This is the fifth article in the series: How to Not Get Overwhelmed with Indie Publishing. Below is the list, including links to the subjects we’ve already covered. Today’s topic is Copyright. We’ll be focusing on US, though, because that’s where I live. It will be purely informational since copyright involves law, and I do not give legal advice.
- Acquiring Beta Readers
- Editing/Editor Considerations
- Book Cover Design
- The Back Cover Synopsis & Author Bio
- Copyright (US)
- Paper & Ebook Publishing Platforms (mainly US)
- ISBN (and bar code (US))
- Ebook Formatting
- Paperback and Hardbound Formatting
- Uploading Your Book to One or Various Platforms
- Marketing Strategies
Here’s the symbol
Here are the codes for various uses of the copyright symbol:
Here’s the definition of Copyright from Merriam-Webster:
“the exclusive legal right to reproduce, publish, sell, or distribute the matter and form of something (as a literary, musical, or artistic work)”
US Copyright office: http://www.copyright.gov/
The FAQ answers both questions and then some. Your original work is copyrighted the moment you write it and you have the protection of copyright, but if in the US you need to go to court over infringement then you’ll want to consider the relatively low cost of registering, as outlined at the Basics link above and excerpted here:
In general, copyright registration is a legal formality intended to make a public record of the basic facts of a particular copyright. However, registration is not a condition of copyright protection. Even though registration is not a requirement for protection, the copyright law provides several inducements or advantages to encourage copyright owners to make registration. Among these advantages are the following:
- Registration establishes a public record of the copyright claim.
- Before an infringement suit may be filed in court, registration is necessary for works of U.S. origin.
- If made before or within five years of publication, registration will establish prima facie evidence in court of the validity of the copyright and of the facts stated in the certificate.
- If registration is made within three months after publication of the work or prior to an infringement of the work, statutory damages and attorney’s fees will be available to the copyright owner in court actions. Otherwise, only an award of actual damages and profits is available to the copyright owner.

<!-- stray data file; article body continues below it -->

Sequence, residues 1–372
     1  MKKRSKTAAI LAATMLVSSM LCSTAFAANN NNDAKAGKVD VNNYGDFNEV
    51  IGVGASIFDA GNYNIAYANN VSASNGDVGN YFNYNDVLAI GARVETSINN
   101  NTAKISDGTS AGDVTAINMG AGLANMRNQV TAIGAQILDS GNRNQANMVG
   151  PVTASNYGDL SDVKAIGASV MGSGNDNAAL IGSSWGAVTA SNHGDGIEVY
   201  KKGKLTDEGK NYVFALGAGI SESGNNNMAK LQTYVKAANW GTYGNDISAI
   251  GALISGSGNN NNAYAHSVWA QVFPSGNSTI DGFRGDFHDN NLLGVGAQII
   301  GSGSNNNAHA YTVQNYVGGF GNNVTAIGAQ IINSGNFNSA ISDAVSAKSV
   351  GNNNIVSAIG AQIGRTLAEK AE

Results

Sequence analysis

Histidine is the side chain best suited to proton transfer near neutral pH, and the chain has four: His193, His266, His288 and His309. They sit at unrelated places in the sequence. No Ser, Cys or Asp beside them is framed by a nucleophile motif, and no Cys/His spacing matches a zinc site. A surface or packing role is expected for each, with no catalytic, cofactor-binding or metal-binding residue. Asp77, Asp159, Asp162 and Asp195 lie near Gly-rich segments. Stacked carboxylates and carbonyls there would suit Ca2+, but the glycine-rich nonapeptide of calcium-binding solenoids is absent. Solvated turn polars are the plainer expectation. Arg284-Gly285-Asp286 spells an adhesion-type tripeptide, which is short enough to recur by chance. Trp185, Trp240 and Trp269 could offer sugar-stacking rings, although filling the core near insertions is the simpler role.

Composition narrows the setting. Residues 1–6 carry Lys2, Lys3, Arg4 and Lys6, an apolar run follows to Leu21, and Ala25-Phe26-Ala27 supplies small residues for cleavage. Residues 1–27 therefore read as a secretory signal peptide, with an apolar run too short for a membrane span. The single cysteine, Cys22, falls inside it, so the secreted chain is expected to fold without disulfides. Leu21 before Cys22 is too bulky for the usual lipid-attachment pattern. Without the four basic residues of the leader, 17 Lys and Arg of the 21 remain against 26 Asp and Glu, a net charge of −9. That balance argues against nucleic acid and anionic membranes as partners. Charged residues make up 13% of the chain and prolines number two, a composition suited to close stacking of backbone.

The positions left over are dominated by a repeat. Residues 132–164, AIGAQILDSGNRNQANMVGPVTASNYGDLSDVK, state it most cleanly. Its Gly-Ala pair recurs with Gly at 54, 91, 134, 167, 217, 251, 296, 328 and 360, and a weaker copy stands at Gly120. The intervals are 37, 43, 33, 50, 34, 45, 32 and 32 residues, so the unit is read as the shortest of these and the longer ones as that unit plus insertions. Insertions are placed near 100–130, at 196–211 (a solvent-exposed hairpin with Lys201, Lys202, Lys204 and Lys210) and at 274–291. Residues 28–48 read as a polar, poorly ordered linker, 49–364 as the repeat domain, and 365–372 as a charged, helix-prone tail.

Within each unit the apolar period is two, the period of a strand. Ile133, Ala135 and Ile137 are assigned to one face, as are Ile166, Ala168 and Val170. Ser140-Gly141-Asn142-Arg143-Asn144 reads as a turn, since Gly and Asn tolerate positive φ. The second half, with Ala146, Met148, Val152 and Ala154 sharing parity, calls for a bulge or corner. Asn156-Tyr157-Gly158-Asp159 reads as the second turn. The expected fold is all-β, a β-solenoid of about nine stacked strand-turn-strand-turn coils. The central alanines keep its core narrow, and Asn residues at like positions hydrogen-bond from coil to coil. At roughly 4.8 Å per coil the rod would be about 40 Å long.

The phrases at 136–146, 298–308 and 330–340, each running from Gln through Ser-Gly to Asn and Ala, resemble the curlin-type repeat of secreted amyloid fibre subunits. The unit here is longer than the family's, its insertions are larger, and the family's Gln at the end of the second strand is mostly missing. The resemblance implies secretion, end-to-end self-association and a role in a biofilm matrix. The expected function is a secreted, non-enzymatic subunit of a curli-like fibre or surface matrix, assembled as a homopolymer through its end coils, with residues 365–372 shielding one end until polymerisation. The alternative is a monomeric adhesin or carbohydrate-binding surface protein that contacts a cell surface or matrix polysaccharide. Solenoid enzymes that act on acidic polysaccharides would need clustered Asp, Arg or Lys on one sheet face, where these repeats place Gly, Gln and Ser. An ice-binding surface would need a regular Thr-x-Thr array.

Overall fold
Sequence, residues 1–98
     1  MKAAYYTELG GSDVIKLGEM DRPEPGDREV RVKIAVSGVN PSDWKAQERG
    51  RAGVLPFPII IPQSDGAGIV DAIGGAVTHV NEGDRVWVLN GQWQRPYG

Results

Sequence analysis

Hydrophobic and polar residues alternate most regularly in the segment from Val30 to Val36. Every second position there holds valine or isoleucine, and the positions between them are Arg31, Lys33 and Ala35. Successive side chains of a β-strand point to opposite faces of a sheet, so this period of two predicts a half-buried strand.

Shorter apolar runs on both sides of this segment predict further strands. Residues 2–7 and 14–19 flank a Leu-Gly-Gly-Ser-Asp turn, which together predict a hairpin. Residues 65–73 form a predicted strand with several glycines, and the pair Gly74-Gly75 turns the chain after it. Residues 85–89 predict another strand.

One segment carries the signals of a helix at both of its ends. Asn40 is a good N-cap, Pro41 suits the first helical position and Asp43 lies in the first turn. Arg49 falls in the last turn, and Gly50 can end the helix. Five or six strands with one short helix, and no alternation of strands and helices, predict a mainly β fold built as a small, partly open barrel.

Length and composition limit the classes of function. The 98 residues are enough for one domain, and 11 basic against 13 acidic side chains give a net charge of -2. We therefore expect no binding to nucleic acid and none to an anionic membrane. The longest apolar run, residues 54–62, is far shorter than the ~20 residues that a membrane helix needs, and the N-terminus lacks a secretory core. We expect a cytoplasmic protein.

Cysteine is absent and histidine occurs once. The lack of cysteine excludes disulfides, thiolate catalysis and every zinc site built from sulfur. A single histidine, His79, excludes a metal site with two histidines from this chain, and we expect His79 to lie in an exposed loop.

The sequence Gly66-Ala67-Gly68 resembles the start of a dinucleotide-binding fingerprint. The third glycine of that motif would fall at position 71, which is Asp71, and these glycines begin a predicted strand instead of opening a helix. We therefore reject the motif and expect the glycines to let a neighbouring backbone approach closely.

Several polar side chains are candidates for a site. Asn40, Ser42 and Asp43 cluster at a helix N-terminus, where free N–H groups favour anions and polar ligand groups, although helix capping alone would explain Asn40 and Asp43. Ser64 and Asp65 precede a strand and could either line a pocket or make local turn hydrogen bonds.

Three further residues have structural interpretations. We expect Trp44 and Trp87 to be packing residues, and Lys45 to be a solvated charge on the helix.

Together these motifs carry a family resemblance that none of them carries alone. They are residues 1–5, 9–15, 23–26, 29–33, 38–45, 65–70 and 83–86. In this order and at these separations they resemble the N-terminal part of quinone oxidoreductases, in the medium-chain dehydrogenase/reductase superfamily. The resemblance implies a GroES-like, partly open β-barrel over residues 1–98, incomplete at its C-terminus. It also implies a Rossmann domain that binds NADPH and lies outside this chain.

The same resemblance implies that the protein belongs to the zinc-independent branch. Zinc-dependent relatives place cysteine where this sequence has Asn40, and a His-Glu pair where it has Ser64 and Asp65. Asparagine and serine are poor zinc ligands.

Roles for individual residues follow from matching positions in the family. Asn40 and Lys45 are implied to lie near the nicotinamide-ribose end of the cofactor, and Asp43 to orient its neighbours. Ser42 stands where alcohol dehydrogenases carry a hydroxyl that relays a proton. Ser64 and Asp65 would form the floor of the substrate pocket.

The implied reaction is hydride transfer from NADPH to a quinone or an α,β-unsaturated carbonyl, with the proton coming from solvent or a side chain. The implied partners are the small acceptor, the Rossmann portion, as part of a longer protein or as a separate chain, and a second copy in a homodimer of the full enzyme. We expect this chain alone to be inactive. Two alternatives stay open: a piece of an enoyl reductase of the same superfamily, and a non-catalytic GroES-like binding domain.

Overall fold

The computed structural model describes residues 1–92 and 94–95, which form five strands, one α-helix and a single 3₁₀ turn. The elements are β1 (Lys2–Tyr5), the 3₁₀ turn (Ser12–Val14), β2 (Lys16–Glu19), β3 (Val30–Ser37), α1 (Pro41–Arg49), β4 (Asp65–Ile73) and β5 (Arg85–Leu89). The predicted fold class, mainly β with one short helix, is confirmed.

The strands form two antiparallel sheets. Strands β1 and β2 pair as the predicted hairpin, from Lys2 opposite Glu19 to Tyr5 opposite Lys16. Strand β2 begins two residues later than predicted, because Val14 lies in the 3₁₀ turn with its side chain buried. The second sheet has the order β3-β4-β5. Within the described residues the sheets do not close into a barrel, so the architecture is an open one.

- Registration allows the owner of the copyright to record the registration with the U.S. Customs Service for protection against the importation of infringing copies. For additional information, go to the U.S. Customs and Border Protection website at www.cbp.gov/.
Registration may be made at any time within the life of the copyright. Unlike the law before 1978, when a work has been registered in unpublished form, it is not necessary to make another registration when the work becomes published, although the copyright owner may register the published edition, if desired.
Copyright fact sheets of particular interest:
- Books/Manuscripts/Speeches: http://www.copyright.gov/fls/fl109.pdf
- International: http://www.copyright.gov/fls/fl100.pdf
- Pseudonym: http://www.copyright.gov/fls/fl101.pdf
Here’s the basic legalese of what copyright protects:
Copyright protection subsists, in accordance with this title, in original works of authorship fixed in any tangible medium of expression, now known or later developed, from which they can be perceived, reproduced, or otherwise communicated, either directly or with the aid of a machine or device. Works of authorship include the following categories:
- (1) literary works;
- (2) musical works, including any accompanying words;
- (3) dramatic works, including any accompanying music;
- (4) pantomimes and choreographic works;
- (5) pictorial, graphic, and sculptural works;
- (6) motion pictures and other audiovisual works;
- (7) sound recordings; and
- (8) architectural works.
(b) In no case does copyright protection for an original work of authorship extend to any idea, procedure, process, system, method of operation, concept, principle, or discovery, regardless of the form in which it is described, explained, illustrated, or embodied in such work.
The short of it: a) If it’s your original, written down work it’s copyrighted; b) the stuff that might have inspired your writing isn’t covered; c) you can register at any time, but if not done within three months of publication you lose certain coverage/reimbursements for infringements, and if not registered by the five-year mark it loses its strongest legal credibility: prima facie (admissibility in court that needs no other fact checking unless rebutted); e) you cannot take a claim of infringement to court until your original work has been registered (here’s a link on Quora with a good explanation for this last one).
If you’re interested you can follow US Copyright Office on Twitter!
It doesn’t hurt to have your unpublished and published works registered with the US Copyright Office. Remuneration for damages is much more likely when you have the official records to back up your claims.
I hope this information has been helpful. Depending on what country you live in you have different copyright laws. Be sure to check out your local government agency website to gain a better understanding of copyright law! Next week we’ll look at publishing platforms.